We have launched a new website specifically for caterers, hotels and restaurant supply. You can see a wider variety of Picks, Skewers, and Bamboo ware at our new webstore BamboosMN.com
Bamboo is actually a type of grass, and like grass, it is a very rapidly renewable resource. Once processed, it can be used in a wide variety of applications. It is harder than maple and has the same tensile strength as steel, yet it can be spun and woven into silky soft textiles. As we become more aware of our strong and lasting impact on the environment, it is important to make choices that minimize this impact, and preserve our resources for generations to come. This is another appealing aspect of working with bamboo. It is arguably the most renewable resource in the world.
Since bamboo is a grass, it does not die when harvested, and thus does not require replanting. The root system of the plant remains alive and sends up new shoots that will mature and be ready for harvest again in as little as 4 years. Hardwoods by comparison need 25-70 years to mature. As a fiberstock, bamboo compares very favorably against cotton, which is very resource intensive to cultivate. Conventional cotton requires over 100,000 cubic feet of water per acre to grow and encourages erosion of topsoil due to both wind and water because the cotton plants must be spaced apart, exposing the soil to be baked dry in the sun. In comparison, bamboo requires minimal rainwater and is drought resistant. Not only that, but bamboo is a very hardy disease resistant plant that requires no fertilizer, herbicide or pesticide to cultivate. In fact whether it‘s been certified organic or not, you can be quite confident that any bamboo that is eventually processed into consumer goods was raised organically as a matter of simple economics. Bamboo grows so successfully on it’s own that the gains from using herbicides or pesticides do not outweigh the costs. Bamboo is also better for the soil than cotton. Whereas cotton is hard on the soil and requires intensive use of fertilizer, bamboo will actually sequester excess nitrogen, improving the quality of marginal soils.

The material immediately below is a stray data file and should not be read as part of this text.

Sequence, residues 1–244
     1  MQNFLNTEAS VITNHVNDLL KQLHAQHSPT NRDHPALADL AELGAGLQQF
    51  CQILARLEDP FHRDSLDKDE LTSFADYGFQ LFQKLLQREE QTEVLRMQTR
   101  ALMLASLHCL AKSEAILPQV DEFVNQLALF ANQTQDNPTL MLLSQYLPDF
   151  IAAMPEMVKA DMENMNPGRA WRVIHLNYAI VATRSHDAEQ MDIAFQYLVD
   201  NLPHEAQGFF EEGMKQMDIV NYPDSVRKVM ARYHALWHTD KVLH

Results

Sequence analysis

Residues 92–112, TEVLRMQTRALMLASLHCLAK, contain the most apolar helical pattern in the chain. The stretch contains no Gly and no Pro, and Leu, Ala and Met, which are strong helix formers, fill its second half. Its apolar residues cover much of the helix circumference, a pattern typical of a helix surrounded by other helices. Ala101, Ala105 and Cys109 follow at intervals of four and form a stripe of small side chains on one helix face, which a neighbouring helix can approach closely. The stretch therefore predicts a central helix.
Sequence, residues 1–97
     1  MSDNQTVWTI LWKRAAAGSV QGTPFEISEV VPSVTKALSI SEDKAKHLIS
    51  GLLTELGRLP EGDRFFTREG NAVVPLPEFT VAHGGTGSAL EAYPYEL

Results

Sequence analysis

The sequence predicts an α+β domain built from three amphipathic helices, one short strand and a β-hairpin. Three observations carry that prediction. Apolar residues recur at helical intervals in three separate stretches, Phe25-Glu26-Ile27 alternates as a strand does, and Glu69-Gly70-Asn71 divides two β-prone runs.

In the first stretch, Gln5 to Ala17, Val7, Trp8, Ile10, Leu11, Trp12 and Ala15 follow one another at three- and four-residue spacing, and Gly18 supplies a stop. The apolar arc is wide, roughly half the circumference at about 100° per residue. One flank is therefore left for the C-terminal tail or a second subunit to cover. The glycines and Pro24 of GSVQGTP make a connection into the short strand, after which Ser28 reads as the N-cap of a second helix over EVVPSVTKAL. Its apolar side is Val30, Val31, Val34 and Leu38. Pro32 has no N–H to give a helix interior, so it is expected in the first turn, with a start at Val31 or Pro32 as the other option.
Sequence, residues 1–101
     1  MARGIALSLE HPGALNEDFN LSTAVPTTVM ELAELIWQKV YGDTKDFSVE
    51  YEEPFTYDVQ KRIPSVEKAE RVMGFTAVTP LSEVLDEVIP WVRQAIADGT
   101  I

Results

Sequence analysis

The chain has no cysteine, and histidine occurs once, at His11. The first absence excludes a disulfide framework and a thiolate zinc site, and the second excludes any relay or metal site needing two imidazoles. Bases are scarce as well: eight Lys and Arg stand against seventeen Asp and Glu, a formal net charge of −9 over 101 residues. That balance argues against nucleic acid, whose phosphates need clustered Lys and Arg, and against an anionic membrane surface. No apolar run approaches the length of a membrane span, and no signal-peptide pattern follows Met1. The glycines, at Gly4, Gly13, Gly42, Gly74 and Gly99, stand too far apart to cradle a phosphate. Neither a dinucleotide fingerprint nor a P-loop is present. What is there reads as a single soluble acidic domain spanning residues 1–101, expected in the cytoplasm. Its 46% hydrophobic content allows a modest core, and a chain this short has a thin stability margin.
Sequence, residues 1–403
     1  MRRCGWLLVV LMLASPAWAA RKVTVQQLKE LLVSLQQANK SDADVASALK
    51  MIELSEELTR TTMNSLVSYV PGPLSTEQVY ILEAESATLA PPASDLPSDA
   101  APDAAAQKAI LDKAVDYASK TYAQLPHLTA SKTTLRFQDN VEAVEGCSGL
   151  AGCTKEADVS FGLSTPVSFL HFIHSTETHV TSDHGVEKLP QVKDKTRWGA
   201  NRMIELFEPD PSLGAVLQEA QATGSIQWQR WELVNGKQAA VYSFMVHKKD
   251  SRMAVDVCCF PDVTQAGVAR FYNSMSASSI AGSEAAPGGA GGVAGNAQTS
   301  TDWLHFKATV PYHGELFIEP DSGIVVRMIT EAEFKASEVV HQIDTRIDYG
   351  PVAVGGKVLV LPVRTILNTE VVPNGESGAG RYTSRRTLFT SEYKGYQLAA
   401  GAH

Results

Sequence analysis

Not only is bamboo a renewable resource, but its cultivation is actually beneficial to the environment. The vast root system of a bamboo forest prevents erosion and regulates the absorption of rainwater, reducing both runoff, and the danger of flash flooding. Bamboo cultivation is also beneficial to air quality. Compared to an equivalent stand of trees, bamboo takes in 5 times as much CO2, and generates 35% more oxygen.
Please take some time to browse through our site. We’ve been careful to source only the best bamboo products available on the market, in many cases working directly with factories in China to produce products to our specifications.